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Plant of the Week: Marguerite, Golden

The University of Arkansas System Division of Agriculture does not promote, support or recommend plants featured in "Plant of the Week." Please consult your local Extension office for plants suitable for your region.

Plant of the Week

Golden Marguerite
Latin: Anthemis tinctoria

Picture of a Golden Marguerite
Golden Marguerite is a tough, drought-tolerant perennial that thrives on neglect. (Photo courtesy Gerald Klingaman)
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Over the past 30 years I’ve grown hundreds of plants from the North American Rock Garden Society seed exchange. Theirs is a bare bones seed list, with only the Latin name, usually a guess to how tall the plant grows, and occasionally a cryptic reference to flower color. I usually order plants I’ve never heard of, which is interesting, but not an especially good way of stocking your rock garden. My overall success rate is low, but occasionally I find a plant I like, such as Golden Marguerite, Anthemis tinctoria.

Golden marguerite, also known as golden chamomile or oxeye chamomile, is a perennial herb in the daisy family that is native to Southern Europe. It grows about 2 feet tall and forms a slowly expanding clump. It has attractive gray-green aromatic leaves that are finely divided and fern-like, with white pubescence on the underside of the leaf.

Golden marguerite flowers have a typical oxeye daisy form and are produced singly at the ends of the stem. The golden-yellow ray flowers (the petals of the daisy) form a single row and surround a domed cushion of disk florets. For me, plants begin blooming in late May and continue on and off during the summer, but they never produce as good a display as seen in late spring. Deadheading improves repeat blooming.

The genus name is taken from a Greek word used to indicate a free-flowering plant. The species epitaph indicates that the flowers were used as a source for yellow dyes. The name chamomile is an old Greek name for Chamomilla recutita (the source plant for chamomile tea), but as a common name it has been used to describe many other lookalike daisy plants. In the 1633 edition of Gerard’s herbal, both the names of Anthemis and chamomile are used, but as far as I can find, not the name marguerite. In an early reference to the difficulty of discerning the differences between the many members of the daisy family, he says, “To distinguish the kinds of chamomile with sundry descriptions would be but to enlarge the volume, and small profit would thereby rebound to the reader.”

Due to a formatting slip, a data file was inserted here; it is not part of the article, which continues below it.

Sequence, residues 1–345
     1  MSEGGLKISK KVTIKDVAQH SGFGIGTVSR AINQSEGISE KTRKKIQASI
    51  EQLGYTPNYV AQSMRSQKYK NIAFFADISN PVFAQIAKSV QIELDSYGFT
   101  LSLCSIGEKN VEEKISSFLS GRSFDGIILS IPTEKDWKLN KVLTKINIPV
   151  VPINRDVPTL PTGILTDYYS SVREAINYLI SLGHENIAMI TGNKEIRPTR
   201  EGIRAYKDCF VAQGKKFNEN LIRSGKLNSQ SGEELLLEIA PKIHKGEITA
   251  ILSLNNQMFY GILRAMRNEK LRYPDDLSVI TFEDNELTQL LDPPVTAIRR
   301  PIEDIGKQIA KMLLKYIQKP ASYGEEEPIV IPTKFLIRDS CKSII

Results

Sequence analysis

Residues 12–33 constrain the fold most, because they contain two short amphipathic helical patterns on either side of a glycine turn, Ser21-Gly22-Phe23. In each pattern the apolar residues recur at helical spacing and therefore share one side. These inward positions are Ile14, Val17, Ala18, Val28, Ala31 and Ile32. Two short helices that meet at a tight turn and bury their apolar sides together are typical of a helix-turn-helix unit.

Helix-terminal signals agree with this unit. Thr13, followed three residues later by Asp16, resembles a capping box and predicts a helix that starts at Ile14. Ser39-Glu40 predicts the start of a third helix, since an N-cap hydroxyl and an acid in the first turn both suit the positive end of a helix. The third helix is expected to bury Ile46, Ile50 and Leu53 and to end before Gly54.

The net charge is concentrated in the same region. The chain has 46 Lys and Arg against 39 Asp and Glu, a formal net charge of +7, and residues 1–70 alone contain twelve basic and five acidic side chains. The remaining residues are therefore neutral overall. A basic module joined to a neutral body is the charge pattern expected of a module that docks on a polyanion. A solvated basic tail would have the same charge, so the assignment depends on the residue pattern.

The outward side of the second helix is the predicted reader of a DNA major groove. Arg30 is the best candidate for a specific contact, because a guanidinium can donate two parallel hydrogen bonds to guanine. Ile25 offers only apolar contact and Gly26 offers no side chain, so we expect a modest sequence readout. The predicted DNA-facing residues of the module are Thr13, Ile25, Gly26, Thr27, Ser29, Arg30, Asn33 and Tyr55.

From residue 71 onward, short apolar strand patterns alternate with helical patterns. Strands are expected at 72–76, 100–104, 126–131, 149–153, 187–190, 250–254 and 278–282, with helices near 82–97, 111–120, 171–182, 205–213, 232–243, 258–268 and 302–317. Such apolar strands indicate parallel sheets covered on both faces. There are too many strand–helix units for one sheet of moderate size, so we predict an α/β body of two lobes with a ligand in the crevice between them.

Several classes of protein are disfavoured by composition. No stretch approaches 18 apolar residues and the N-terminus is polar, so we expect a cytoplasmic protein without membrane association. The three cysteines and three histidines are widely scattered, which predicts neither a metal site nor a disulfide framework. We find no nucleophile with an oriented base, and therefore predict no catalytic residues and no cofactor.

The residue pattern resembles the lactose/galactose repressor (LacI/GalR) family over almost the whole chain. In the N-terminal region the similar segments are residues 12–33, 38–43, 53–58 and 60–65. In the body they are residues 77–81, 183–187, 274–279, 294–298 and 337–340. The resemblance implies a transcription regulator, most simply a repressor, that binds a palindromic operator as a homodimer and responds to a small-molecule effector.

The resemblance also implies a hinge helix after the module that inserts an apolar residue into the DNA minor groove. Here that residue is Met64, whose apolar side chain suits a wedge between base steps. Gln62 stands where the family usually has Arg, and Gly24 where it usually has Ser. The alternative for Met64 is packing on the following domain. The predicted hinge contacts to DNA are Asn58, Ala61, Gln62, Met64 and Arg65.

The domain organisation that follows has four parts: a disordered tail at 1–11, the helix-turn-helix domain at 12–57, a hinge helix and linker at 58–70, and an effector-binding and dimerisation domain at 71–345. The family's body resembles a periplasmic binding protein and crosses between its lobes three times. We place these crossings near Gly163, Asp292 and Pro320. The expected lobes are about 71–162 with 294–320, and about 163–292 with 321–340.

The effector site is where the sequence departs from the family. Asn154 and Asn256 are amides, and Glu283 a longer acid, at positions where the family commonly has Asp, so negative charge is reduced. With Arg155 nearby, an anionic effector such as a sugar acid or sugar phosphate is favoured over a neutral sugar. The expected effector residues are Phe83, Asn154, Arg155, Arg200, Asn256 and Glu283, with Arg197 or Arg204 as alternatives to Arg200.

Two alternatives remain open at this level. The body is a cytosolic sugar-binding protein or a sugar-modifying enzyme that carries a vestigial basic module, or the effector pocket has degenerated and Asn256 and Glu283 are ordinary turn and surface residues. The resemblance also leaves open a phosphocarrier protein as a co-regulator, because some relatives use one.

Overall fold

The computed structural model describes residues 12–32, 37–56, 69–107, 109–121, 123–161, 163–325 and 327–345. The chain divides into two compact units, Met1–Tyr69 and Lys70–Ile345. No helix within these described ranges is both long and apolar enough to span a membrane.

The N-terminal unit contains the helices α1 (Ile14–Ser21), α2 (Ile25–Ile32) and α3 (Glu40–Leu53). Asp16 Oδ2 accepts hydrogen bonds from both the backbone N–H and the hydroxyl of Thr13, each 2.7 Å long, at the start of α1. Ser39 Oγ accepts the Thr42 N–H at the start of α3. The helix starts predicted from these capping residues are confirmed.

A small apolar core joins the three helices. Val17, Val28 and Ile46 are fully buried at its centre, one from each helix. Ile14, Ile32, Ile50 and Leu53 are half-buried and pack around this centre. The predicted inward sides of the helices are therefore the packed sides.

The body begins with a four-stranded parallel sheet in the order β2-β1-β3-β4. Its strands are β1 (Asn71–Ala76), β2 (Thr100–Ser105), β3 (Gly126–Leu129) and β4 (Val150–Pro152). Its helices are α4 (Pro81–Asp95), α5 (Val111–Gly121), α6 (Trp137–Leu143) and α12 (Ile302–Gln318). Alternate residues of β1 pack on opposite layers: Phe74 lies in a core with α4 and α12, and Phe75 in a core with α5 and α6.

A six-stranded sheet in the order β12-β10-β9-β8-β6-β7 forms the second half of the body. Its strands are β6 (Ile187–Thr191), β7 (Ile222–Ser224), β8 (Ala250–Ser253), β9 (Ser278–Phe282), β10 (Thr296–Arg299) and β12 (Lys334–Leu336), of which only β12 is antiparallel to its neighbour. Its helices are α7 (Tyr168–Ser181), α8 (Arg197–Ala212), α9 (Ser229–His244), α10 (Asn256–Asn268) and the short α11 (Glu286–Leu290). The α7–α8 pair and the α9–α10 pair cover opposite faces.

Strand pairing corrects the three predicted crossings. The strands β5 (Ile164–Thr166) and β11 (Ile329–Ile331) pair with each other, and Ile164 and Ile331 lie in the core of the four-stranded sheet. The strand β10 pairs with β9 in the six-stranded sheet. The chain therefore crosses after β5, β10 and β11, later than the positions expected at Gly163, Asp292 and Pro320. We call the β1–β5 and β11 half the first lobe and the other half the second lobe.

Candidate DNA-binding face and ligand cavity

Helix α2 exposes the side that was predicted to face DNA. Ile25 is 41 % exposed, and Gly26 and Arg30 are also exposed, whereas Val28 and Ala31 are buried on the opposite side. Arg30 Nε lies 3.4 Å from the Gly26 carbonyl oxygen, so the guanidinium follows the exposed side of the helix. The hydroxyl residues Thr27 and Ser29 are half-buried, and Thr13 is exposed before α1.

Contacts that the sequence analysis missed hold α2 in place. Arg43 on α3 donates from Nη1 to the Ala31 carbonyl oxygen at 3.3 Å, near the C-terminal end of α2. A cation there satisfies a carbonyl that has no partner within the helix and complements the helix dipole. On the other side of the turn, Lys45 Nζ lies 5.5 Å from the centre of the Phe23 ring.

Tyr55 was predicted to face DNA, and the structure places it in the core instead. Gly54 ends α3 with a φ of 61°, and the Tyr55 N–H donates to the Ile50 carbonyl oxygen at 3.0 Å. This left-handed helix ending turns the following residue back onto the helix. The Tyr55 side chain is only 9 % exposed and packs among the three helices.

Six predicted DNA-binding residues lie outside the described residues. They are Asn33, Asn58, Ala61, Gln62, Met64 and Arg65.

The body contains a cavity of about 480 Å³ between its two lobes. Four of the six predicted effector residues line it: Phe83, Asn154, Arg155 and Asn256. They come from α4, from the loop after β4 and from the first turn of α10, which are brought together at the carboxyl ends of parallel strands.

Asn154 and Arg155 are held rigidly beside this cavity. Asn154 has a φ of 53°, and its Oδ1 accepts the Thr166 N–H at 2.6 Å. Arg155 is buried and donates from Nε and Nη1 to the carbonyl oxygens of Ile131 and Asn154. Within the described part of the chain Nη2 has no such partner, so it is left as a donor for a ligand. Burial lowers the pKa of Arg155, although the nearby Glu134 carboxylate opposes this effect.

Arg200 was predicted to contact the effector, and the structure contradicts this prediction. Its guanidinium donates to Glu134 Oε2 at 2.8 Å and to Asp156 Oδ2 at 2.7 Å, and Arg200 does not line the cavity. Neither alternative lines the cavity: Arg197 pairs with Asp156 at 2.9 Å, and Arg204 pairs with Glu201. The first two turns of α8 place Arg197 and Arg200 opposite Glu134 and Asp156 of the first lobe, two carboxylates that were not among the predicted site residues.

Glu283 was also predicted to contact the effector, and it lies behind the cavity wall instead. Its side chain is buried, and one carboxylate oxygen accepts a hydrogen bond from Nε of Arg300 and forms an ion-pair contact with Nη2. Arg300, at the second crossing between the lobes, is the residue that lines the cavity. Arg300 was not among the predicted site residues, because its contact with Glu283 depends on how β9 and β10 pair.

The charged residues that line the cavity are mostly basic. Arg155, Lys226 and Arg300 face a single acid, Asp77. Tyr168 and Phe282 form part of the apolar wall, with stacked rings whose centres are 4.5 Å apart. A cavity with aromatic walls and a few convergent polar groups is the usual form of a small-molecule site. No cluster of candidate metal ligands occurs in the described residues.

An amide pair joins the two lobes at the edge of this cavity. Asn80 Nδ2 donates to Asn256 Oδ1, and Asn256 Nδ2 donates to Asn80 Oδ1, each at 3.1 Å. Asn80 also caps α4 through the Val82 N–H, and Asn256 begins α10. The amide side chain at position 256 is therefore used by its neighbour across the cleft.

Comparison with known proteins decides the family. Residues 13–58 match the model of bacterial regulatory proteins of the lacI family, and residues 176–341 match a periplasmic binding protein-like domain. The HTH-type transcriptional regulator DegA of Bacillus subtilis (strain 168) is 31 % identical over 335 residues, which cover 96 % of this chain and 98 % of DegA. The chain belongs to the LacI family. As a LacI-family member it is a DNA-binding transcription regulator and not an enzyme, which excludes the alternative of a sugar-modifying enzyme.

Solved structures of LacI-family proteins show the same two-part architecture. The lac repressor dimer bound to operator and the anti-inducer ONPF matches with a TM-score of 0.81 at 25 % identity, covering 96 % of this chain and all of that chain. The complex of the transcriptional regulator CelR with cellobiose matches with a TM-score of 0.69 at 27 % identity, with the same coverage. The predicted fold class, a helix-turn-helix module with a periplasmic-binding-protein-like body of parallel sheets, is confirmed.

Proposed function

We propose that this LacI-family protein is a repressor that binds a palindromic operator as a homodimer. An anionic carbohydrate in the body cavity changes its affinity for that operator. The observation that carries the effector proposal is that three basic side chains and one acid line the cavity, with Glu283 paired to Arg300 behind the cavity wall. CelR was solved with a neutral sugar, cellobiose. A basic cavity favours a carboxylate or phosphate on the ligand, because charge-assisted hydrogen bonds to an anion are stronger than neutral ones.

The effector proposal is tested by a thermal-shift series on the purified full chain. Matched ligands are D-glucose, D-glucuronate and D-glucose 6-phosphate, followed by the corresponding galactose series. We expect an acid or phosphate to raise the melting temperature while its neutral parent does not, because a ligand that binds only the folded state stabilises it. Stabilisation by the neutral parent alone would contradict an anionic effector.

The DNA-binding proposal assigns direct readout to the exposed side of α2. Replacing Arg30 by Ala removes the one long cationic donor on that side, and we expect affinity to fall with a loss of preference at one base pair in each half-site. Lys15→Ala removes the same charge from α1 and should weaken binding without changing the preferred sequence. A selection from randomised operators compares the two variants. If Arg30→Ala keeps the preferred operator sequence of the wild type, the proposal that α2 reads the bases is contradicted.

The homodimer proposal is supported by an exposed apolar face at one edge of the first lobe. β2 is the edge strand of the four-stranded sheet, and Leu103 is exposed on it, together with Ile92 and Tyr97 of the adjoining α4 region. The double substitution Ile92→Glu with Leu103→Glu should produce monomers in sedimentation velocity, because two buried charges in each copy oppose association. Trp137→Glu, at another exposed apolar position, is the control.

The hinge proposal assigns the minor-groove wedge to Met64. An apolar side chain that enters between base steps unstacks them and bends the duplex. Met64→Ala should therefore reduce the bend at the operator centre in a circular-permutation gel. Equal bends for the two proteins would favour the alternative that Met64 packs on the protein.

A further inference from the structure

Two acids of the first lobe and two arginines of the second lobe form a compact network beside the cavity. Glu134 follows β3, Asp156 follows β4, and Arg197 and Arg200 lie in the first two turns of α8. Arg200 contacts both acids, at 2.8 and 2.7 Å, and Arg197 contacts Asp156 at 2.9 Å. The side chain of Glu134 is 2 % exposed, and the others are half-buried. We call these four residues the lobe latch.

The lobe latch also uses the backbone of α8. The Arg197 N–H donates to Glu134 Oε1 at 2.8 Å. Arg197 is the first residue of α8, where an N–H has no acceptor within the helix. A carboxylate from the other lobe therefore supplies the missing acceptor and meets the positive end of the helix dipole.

The name marguerite is a French name for daisy, and has been used to describe plants and is used as a woman’s name, which in English is Margaret. The most common “marguerite daisy” in gardens today is not Anthemis tinctoria but the frost tender, semi-woody daisy from the Canary Islands, Argyranthemum frutescens.

The genus Anthemis consists of about 100 species of European and Central Asian herbs, some of which have become established as roadside weeds throughout the world. The most common of these is dog-fennel or mayweed, Anthemis cotula, which has inch-wide white daisy flowers. It is established as an escaped weed in every state. The USDA reports A. tinctoria as escaped in mountainous regions and in most of our northern states, but not in the South.

Golden marguerite is a bit tall for the rock garden, but is useful as a perennial in areas that receive only natural rainfall. It makes a good cut flower. This plant needs lots of light and good drainage, especially during the winter months. It does best in low-fertility sites. Too much fertility makes for exuberant growth that makes the plant tall and floppy. Plants should be divided every few years to keep the clump vigorous. Several cultivars are listed, but they are not common in the trade. 

By: Gerald Klingaman, retired
Retired Extension Horticulturist - Ornamentals
Extension News - August 19, 2011


The University of Arkansas Division of Agriculture does not maintain lists of retail outlets where these plants can be purchased. Please check your local nursery or other retail outlets to ask about the availability of these plants for your growing area.